The COVID-19 pandemic forced many businesses to re-evaluate their workplace policies. For some, working from home has become the new normal. But is this the way of the future?
There are pros and cons to working from home. On the plus side, employees can save on commuting costs and have more flexibility with their schedules. They can also create a better work-life balance for themselves. On the downside, working from home can be isolating and distracting. It can be difficult to stay focused when there are so many other things going on at home. And without face-to-face interaction with colleagues, it can be harder to build relationships and collaborate effectively. So the question is, do people like working from home?
What people have vs. What people want
We decided to take a look at the work from home situation. We polled our followers on LinkedIn about working from home. This was not a scientific poll, however we found the results very interesting.
73% of people who responded work from home at least once per week, with the majority working one or two days from home. 27% of respondents in our poll said they do not work from home. This could be for a variety of reasons – maybe they choose to work at the office, or maybe their employer doesn’t allow working from home.
We realized what people are allowed to work from home could be different than what they want, so we asked how many days per week people would prefer to work from home. 95% of respondents said they would prefer to have some work from home days, again with the majority being one to two days.
Do people miss working at the office? Perhaps not. In our poll, 31% said they do not miss the office, and if they do, it might only be for the social aspect of office work. 45% said they miss socializing with coworkers. 18% missed having a dedicated workspace. Only 5% said they missed in-person meetings.
Implications of working from home
So what does this mean? Is working from home the way of the future? Is hybrid work viable and sustainable? No matter the answer, employers and employees should consider certain factors before making any decisions about where or how they work.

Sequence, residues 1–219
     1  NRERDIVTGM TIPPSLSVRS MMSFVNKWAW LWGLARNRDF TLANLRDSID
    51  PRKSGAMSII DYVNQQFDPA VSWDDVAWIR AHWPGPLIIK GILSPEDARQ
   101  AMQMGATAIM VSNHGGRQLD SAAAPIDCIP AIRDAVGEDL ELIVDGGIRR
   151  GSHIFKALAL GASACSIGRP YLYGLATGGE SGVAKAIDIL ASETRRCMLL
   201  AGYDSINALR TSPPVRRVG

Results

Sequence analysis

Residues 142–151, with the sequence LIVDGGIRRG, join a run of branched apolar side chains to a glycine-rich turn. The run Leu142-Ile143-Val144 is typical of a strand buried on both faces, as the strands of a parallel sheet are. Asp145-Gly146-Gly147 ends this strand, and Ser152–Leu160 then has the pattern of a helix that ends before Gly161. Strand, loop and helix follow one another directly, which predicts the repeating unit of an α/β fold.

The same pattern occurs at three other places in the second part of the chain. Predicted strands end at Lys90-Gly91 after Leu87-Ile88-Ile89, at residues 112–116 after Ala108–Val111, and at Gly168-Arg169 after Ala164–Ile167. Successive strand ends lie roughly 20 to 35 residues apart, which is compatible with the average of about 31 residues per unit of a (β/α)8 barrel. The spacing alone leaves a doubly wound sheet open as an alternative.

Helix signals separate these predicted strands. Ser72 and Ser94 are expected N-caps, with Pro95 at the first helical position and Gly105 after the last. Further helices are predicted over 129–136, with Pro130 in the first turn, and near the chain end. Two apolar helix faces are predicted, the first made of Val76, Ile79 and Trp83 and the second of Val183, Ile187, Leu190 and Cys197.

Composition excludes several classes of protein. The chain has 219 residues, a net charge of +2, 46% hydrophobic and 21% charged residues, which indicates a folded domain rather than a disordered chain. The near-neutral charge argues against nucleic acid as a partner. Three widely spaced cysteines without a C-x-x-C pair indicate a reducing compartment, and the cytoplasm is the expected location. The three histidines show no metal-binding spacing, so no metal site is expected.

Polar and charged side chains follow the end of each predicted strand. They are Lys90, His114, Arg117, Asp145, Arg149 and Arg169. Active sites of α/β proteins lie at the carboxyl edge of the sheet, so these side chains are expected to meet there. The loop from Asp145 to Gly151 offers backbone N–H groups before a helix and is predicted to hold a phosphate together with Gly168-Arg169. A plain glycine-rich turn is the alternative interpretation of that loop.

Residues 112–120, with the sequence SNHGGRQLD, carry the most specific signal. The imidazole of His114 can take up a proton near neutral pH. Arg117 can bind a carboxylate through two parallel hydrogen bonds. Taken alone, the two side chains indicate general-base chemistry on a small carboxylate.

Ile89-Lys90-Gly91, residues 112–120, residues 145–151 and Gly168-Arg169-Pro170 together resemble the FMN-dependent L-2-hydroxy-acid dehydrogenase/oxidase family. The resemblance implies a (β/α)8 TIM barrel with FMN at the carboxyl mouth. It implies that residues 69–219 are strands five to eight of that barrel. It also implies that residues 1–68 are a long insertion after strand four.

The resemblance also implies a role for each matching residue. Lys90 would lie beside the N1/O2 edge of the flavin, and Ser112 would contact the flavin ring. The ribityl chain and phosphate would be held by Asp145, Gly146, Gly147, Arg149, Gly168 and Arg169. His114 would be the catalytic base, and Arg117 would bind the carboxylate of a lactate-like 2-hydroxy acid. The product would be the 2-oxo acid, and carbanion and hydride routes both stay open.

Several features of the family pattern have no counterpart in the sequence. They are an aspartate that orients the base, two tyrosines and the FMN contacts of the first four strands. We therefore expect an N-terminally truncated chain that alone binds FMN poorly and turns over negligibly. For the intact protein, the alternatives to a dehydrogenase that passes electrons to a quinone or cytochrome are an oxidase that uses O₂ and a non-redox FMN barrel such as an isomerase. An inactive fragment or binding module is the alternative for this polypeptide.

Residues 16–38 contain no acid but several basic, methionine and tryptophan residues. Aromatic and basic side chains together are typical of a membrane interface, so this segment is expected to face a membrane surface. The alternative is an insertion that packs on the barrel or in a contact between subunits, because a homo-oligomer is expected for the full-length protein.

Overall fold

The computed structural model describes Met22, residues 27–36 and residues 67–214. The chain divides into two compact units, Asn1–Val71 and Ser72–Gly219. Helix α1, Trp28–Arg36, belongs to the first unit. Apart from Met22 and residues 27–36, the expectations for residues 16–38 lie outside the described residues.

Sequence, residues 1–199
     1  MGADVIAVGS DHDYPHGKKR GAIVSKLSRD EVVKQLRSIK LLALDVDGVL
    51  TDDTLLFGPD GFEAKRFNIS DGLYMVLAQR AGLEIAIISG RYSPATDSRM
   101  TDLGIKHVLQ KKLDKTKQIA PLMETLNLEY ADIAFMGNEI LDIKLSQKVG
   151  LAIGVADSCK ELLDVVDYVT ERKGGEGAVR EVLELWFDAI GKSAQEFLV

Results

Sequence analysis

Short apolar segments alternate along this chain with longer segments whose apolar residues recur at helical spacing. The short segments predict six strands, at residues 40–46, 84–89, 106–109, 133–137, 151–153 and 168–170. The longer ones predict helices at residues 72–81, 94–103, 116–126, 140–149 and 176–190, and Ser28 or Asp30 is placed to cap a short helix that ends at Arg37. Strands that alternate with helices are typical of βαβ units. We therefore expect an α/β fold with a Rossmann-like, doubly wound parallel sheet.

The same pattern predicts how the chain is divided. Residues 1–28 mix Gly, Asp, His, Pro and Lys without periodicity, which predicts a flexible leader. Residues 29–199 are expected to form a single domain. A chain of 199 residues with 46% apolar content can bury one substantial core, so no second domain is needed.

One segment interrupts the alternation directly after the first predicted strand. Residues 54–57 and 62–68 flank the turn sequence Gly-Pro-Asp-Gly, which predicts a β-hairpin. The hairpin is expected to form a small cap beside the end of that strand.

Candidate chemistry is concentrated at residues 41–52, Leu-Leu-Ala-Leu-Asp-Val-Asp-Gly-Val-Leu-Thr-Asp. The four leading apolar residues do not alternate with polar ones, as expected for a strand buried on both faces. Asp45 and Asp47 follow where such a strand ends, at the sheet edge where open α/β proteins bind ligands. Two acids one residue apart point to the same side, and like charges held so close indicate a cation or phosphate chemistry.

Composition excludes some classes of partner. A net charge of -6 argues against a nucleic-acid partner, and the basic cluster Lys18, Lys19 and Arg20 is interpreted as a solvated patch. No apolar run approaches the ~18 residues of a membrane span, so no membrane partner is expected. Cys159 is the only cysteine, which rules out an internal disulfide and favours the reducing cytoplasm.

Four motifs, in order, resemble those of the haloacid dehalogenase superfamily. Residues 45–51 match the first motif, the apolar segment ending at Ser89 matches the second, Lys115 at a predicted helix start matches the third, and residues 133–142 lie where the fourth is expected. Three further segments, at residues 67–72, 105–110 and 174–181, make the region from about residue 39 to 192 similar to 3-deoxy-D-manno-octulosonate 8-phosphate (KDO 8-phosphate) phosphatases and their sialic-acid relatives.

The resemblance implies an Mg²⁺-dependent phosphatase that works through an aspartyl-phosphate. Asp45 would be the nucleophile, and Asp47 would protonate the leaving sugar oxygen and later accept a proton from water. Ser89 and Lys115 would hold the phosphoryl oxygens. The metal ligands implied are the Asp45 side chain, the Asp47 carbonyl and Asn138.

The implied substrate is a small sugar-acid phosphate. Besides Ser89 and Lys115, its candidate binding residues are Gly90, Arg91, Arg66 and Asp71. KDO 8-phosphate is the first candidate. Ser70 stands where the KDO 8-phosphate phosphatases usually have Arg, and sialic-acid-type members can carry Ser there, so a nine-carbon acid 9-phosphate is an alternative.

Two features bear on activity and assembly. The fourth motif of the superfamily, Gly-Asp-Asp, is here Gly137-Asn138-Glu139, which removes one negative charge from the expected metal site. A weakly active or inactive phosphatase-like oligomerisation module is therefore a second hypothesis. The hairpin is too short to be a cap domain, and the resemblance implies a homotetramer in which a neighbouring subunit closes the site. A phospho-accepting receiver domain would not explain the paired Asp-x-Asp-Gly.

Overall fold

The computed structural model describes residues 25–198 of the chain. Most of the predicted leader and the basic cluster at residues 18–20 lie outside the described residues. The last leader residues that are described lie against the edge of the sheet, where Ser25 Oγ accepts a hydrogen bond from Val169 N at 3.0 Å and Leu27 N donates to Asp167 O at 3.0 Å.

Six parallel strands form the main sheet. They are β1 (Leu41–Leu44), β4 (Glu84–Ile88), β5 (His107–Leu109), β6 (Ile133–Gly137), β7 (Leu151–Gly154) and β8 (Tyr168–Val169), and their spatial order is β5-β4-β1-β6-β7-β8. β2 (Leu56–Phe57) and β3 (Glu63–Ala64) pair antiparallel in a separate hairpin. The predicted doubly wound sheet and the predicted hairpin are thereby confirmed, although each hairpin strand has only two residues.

Are people more productive at home? The answer to this depends on the person. The majority of our followers said they were equally or more productive working from home. Some people may prefer working from home, and some may find it hard to concentrate without the dedicated workspace an office provides.
Could there be unintended consequences of shifting to a more work from home society? Perhaps employers could view working from home as a benefit. Would that be a reason to pay employees less? It could also drive down the cost of labour. Certainly, hybrid work is different than complete remote work. However, remote work expands the employer’s access to labour, making it easier to find someone willing to do the job for less.
It's safe to say there’s not a one-size-fits-all answer when it comes to working from home, and that’s okay. Every employer and employee has a different situation. It does seem the idea is here to stay. The practice of working from home has remained with us even as we return to normal after the pandemic. Exactly what workplace policies will look like in the future remains to be seen. Things will continue to change, and it will be interesting to see how the views of working from home evolve over time.